So I sit here today, looking through a dog book, thinking about a Moosedawg “replacement”, as if there could ever be one.

And despite 12 years of barking and digging and pooping — and non-stop complaints from the wife about his moosely sins — I know we’ll all miss him. I know that one day pretty soon, I’ll have to cradle his big ol’ moosebutt in my arms as they put him to sleep. I just know the Moosedawg’s last dance is coming.

Remember to go here for free Hog Tweets at HogsAteMySister.

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12 Responses to “The Moosedawg’s Last Dance”

  1. BEL2009 says:

    Oh wow. Been there twice in the last few years. Our oldest German Shepherd and oldest golden retriever. Cried for days both times. One of each left (shepherds are all rescues) and had to regime our baby GSD with last move. Dogs are such a gift. Poop and all!

    • hams says:

      My mom said this about kids: “When they are little, they step on your feet. When they grow up, they step on your heart.”

      I guess it’s the same with Moosedawgs and Crack Puppies.

      Sigh.

  2. Steve says:

    Great story and cool big dog and bird. Wonder how Buddy would do with a Hobbit running around his yard?

  3. slk says:

    Bill,

    I feel you pain, the oldest in my “pack” of three dogs has a heart condition and I have been told he could go at any time, I just try and not think about it. Just so very happy that God made dogs. I sure do love them.Good luck!

    • hams says:

      The wife’s two sisters are here, too. When the Moosedawg karks it, he will be the fifth dog to go in the last three years. And our kids are all flying the coop, too. Sigh.

  4. Okiegirl says:

    Bill — now that I’ve investigated the “Huntaway” breed, I feel I haven’t wasted a Saturday. Their build seems similar to the American hounds — but I love that Moosedawg found a family that he could grow old with. SALOOT!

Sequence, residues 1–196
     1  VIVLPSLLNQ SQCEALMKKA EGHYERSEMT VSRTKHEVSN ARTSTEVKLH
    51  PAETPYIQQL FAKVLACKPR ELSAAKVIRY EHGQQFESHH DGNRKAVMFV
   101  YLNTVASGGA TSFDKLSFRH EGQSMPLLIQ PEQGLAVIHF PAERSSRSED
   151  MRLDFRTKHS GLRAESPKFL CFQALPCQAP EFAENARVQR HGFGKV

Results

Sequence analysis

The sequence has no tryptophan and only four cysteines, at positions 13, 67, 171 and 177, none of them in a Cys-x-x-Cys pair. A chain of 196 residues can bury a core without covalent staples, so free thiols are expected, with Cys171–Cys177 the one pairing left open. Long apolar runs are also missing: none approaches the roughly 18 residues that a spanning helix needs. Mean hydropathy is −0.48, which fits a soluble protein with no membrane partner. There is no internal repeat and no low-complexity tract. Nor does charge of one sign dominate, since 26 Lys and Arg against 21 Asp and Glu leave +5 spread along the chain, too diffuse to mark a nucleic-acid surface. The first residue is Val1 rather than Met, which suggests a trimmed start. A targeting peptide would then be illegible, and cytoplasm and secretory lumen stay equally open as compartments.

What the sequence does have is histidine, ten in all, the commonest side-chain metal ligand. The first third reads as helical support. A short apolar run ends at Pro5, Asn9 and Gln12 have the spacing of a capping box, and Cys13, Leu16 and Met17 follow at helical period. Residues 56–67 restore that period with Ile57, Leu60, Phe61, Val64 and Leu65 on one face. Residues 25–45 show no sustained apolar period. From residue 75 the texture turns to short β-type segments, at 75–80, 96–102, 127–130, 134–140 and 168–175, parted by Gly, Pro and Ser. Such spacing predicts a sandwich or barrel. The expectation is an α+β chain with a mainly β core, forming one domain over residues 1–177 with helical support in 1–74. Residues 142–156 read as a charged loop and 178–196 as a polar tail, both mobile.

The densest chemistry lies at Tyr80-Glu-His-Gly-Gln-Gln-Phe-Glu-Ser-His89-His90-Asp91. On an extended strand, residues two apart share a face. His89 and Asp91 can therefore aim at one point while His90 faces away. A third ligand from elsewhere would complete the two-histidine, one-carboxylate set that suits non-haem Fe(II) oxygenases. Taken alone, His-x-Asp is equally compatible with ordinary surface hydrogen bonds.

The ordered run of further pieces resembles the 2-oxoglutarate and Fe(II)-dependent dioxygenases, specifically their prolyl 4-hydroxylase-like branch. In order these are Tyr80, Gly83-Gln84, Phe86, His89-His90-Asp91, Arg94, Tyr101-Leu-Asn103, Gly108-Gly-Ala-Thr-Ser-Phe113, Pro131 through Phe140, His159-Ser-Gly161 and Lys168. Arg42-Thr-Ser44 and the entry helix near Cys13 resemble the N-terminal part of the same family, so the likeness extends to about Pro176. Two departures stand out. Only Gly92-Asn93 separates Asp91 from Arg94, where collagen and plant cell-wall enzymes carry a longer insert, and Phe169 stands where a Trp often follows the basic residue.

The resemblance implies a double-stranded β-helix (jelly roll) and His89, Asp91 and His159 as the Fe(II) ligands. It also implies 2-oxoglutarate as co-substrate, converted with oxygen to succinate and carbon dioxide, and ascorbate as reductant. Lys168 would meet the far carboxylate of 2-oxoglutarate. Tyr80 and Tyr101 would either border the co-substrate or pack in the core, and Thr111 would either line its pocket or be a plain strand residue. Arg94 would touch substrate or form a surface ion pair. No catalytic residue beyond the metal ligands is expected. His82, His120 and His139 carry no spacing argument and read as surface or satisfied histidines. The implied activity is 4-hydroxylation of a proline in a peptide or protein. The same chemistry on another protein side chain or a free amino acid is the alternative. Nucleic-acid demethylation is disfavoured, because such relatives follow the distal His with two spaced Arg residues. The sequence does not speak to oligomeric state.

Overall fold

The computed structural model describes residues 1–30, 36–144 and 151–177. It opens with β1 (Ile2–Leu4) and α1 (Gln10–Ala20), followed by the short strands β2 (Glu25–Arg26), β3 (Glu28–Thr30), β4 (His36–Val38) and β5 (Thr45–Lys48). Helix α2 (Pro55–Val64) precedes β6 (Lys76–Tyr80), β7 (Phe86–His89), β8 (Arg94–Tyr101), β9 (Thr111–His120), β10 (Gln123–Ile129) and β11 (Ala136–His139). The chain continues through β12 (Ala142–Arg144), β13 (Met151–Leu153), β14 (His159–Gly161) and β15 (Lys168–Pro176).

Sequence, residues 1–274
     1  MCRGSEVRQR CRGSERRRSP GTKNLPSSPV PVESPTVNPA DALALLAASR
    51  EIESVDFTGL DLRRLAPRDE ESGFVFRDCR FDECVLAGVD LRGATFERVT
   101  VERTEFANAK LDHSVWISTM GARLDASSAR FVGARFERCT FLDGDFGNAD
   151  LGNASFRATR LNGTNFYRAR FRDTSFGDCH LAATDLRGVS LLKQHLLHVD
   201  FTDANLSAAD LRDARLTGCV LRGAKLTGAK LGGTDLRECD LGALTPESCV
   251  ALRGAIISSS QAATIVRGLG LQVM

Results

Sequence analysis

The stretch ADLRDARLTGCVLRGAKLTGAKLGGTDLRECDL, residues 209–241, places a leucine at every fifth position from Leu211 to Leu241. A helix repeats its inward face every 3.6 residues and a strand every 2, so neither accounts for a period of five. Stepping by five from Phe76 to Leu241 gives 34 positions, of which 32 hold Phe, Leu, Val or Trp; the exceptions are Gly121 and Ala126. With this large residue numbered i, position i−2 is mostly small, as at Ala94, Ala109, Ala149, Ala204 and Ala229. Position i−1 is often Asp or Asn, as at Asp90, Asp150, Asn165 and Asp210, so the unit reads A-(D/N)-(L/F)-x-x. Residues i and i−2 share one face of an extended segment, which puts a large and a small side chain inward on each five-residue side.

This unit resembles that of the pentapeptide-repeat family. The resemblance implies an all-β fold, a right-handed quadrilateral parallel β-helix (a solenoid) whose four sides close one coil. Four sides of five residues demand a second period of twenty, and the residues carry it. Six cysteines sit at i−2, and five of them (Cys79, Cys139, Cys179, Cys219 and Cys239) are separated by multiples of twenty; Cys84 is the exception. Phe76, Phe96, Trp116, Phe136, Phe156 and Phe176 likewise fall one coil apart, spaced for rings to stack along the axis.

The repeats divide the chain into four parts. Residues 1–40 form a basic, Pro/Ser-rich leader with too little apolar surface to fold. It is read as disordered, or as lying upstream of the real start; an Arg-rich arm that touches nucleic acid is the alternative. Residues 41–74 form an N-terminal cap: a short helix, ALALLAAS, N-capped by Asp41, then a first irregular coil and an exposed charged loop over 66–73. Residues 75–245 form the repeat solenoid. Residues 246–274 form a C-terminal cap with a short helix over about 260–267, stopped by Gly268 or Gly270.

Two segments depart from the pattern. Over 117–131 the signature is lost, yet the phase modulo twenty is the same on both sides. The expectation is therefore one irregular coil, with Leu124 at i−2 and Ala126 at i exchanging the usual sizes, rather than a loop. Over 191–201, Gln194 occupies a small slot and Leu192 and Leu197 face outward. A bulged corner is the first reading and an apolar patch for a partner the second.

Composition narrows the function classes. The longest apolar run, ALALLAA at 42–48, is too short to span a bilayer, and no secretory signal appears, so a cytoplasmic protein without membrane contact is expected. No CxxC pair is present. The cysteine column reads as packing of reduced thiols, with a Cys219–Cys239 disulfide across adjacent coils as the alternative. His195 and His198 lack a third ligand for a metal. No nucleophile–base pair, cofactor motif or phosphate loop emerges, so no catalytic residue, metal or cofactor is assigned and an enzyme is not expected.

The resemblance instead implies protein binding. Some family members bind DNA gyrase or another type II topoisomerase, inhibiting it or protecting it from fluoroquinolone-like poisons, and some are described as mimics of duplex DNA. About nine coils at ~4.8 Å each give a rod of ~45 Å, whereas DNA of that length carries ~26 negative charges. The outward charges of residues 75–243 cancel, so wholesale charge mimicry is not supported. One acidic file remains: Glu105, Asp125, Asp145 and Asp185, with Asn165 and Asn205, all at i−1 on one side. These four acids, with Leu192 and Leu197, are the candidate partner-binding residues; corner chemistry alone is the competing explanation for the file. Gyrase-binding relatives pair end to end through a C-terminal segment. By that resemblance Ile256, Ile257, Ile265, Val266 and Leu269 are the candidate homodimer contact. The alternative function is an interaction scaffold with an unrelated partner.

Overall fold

• hams says:

      Yep, two-thirds of this family loves his moosebutt. The feminine one-third not so much. In fact, she has been known to draw an image of the Moosedawg, paws up, being cooked over an open campfire to communicate her unhappiness with said beast, who we would then try to keep out of harm’s way for a few days…

  5. LLS says:

    Great post, Bill, thanks. The image of that big guy dancing with that little bird is one I am going to carry with me. Here’s to the Moosedawg and the family who loves him!

    • hams says:

      Thanks. The Moosedawg now only lasts one lap around the block, panting a lot. And, though he once had MAJOR ATTITUDE for all male dogs (thanks to being raised in the dog pound), the old man now sort of makes that “don’t eat me” whimper when we pass the mastiff’s yard – which is wise as this animal is slightly larger than Steve Imhoff. Cycles of life…

  6. malm says:

    It’s tough to lose family members. WTH is a garden bag man? At one time we had eight dogs out here. Apparently someone ran an ad in the local newspaper that we would take strays………they kept showing up on our property. The “pack” at the time would kick the strays butt, then welcome them to the family. We’re down to two now. I doubt seriously if we ever have more than a little house dog in the future. I did enjoy our Shih Tzus. Don’t let Buddy suffer too long. Just another part of being a loving master.

    • hams says:

      Remember, our back yard is primordial jungle, filled with Hobbits and that. The wife is a keen gardener and needs the humongous garden bag to chuck in stuff. I, being mid-life with abs of pudding, need the garden bag man to come lift the sucker and take it away. Yip, I have a sister like Jill. She always took in strays, dogs and boys. Ahem.